Here’s the thing: This isn’t what could be considered a great episode of The Vampire Diaries. It might not even really be a good one, in comparison to the show’s glory days. But in this season that’s struggling to find a clear, workable direction, “Live Through This” at least had the structure and feel of a good installment of The Vampire Diaries, even if that structure and feel are hiding the fact that the stories are still fairly weak. For now, that just might be good enough to get by.

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Let’s begin with the big, wild reveal that starts the episode because it was certainly big and wild. This week’s flash forward moment focuses on Bonnie, who we discover is in some sort of either rehab or mental health treatment facility, mourning someone she loved that she lost because of a mistake she made. There is a whole lot of baggage wrapped up in the show’s decision to make Bonnie’s future moment such a sad and defeated one—baggage that I hope we’ll get to discuss once the purpose of these future scenes become more clear—but this potential baggage gets quickly swept under the rug when the show reveals that Bonnie and Enzo are an item in the future. This is literally so weird and insane that my brain cannot properly process it yet, but my only wish is that we actually get to see this relationship develop rather than it being something that’s dropped into the show, with the audience just expected to accept it without questions.

The promising thing about it is that it does appear the writers are attempting to make this weird choice work, as Bonnie and Enzo spend a lot of time together in this episode snarking at each other and exchanging the sort of generalized banter that symbolizes a growing bond on this show. There is even a legitimate reason for them to interact, as Bonnie has to find Oscar so she can gather some information on how the whole “bringing him back to life” thing is going, and Lily has tasked Enzo to look after Oscar. It turns out that isn’t going so well, since the phoenix stone doesn’t actually bring people back to life so much as put a trapped soul of any old ancient vampire who is in the stone in that person’s body, unless you perform the spell correctly. So Oscar isn’t Oscar anymore (which is disappointing because Oscar was awesome) and then Oscar goes psycho and ends up dead.

The bigger emotional stakes in regards to the phoenix stone are with Alaric and Jo, as Ric is forced to accept that the person in his wife’s body isn’t his wife at all. It’s heartbreaking for Ric, but more impressive is how the episode manages to make it heartbreaking for whoever is stuck in Jo’s body, too. Whatever old vampire this may be is completely disoriented by modern life, by this man who insists he’s her husband, and by the reflection they know is not their own. The moment Ric promises to help figure out who he or she is plays surprisingly well considering we don’t know anything about this person. It’s also a great moment for Ric, who went pretty far off the deep end trying to resurrect his wife and now sweetly agrees to help deal with the fallout, no matter how much it might hurt him in the process.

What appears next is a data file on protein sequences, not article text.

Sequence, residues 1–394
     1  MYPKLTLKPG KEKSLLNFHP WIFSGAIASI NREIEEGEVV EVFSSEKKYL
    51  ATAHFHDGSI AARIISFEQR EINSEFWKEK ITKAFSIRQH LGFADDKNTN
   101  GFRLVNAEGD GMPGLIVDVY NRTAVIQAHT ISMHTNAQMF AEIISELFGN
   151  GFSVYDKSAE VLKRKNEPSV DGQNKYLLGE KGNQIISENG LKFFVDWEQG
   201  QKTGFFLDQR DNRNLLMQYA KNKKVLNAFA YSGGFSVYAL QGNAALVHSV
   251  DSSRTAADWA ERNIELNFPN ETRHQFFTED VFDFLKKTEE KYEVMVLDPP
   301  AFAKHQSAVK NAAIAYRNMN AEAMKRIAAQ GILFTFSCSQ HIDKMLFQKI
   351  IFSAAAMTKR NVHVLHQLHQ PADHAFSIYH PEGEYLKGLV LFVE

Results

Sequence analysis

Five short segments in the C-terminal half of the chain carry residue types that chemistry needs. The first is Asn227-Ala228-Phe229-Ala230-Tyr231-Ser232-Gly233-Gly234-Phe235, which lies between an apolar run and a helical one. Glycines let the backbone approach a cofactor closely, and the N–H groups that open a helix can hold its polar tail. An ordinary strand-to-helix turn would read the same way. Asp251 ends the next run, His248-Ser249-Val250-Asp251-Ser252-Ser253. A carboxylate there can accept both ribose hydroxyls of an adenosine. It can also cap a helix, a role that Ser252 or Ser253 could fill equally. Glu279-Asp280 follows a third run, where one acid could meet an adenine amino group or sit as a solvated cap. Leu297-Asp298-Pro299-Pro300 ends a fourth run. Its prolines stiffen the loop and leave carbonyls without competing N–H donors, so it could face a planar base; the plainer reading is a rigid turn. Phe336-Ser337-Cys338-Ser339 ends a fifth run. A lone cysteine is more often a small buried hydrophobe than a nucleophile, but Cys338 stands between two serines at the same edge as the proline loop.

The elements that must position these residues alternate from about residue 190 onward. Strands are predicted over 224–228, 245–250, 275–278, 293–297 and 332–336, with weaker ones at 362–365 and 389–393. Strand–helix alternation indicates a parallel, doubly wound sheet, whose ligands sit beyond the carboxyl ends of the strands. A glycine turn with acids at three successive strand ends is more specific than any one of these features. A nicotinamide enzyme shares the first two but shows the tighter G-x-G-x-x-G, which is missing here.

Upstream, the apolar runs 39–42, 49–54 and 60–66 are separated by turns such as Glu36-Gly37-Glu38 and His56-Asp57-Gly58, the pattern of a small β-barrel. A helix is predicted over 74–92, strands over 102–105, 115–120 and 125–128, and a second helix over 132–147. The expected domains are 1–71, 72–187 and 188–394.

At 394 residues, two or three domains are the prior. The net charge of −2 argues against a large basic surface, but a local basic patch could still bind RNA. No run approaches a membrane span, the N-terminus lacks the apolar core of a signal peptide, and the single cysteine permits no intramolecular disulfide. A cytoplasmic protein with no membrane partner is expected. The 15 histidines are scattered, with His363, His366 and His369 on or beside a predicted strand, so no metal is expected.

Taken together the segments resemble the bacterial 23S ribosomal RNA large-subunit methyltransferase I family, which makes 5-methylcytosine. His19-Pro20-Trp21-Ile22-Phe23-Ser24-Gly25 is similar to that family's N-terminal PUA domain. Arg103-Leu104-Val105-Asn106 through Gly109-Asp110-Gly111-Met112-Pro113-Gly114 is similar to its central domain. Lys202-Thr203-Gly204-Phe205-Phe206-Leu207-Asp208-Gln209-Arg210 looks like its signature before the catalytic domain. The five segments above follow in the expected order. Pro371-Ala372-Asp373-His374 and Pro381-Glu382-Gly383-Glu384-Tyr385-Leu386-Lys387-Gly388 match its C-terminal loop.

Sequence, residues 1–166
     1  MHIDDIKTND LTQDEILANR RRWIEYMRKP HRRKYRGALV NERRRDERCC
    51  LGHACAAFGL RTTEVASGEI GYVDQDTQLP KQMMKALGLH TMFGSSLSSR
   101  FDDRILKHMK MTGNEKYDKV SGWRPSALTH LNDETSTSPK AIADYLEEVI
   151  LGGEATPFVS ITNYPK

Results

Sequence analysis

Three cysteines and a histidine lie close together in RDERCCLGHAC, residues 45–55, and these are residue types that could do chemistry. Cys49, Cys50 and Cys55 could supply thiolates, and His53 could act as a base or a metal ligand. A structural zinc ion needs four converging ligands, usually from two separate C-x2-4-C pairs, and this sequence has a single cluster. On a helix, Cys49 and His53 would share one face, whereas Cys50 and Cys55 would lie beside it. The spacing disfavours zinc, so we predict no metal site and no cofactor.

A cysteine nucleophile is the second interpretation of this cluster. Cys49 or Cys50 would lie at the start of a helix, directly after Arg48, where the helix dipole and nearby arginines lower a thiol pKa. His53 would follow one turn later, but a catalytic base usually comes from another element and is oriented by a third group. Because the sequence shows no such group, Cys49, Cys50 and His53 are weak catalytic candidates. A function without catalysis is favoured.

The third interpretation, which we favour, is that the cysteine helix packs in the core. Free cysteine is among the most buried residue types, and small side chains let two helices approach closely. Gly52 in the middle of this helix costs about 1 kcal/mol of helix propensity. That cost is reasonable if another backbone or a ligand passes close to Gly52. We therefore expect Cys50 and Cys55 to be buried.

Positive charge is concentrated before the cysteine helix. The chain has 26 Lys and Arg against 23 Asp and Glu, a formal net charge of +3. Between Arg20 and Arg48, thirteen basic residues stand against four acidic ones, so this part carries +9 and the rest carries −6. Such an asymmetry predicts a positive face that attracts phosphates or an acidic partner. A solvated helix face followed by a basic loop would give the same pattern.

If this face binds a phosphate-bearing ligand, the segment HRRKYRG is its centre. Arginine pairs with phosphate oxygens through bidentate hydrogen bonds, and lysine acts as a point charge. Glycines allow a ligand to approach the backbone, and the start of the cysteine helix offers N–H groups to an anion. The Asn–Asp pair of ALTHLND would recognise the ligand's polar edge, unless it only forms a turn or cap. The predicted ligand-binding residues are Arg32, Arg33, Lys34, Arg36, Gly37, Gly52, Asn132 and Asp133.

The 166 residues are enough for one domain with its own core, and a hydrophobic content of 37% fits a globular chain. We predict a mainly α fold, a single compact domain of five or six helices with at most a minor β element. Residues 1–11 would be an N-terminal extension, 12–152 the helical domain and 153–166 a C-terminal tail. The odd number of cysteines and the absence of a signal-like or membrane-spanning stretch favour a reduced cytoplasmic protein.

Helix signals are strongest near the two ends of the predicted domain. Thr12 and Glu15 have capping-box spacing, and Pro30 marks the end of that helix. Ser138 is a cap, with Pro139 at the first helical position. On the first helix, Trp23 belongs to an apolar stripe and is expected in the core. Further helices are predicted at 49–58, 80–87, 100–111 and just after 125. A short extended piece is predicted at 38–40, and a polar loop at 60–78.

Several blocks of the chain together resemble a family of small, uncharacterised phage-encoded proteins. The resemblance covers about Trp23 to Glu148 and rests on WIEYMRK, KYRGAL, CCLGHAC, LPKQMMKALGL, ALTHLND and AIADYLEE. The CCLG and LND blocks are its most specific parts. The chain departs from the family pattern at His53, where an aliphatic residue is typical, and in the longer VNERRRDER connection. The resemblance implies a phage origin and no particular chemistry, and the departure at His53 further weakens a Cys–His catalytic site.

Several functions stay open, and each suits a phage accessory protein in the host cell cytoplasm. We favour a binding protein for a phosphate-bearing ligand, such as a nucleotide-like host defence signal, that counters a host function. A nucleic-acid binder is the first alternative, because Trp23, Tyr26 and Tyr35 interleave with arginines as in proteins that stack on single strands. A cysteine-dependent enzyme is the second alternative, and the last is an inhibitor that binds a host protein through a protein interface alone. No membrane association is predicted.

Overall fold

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These are important moments, but the majority of the episode is devoted to Stefan, Damon, and Valerie and their quest to kill Julian before Lily can bring him back to life. Using this road trip as a setpiece to bring all the storylines together actually works very well; Valerie ends up being the one person who can connect all of the disparate dots of the different plot threads here, telling Damon what the phoenix stone does, warning them all about the evils of Julian, and finally telling Stefan exactly what happened to her all of those years ago instead of dancing around it forever. Even though the Valerie and Stefan story is fairly forced in its construction, it manages to at least deepen here because of this scene, and particularly because of Stefan’s reaction to the story. It was the present-day connection to the story Stefan needed in order for it to feel less manufactured, and even though this will surely cause the so-called love triangle to stick around, at least it will feel a bit more earned when it does.

The most important part of this Valerie story has nothing to do with Stefan: It’s that it sets up the big reveal that Lily is the one who gave Kai the idea to put Elena in the coma in order to torture Damon. Why did she do this? Because Damon left her in the prison world. Lily is terrible, and this is the thing that finally makes Damon realize that he needs to kill his stupid mother rather than just avoiding her and letting her evil little minions destroy his entire town. It’s about damn time, Damon. Between this and Stefan’s vow to kill the newly resurrected Julian, this story sets up a great future confrontation between the Salvatore brothers and their terrible, no good, awful mother, and that kind of personal vendetta is the foundation of all great TVD stories. Let the matricide quest begin!

Stray observations:

  • Here’s my issue with the whole Bonnie and Enzo thing: Bonnie is awesome now, and Enzo is terrible. I don’t want awesome Bonnie saddled with terrible Enzo. She deserves better. (Also, it’s so typical of this show to finally give Bonnie a love interest again and potentially have the entirety of their courtship happen offscreen.)
  • I want Katherine to be the person trapped in Jo’s body. That is way to freaking awesome to actually happen.
  • The Enzo and Lily story never, ever, ever worked, and I hope it is over forever. Join Stefan and Damon in killing Lily and Julian, Enzo. It’s where you belong.
  • This Week, In Matt Donovan Is The Best: [REDACTED]

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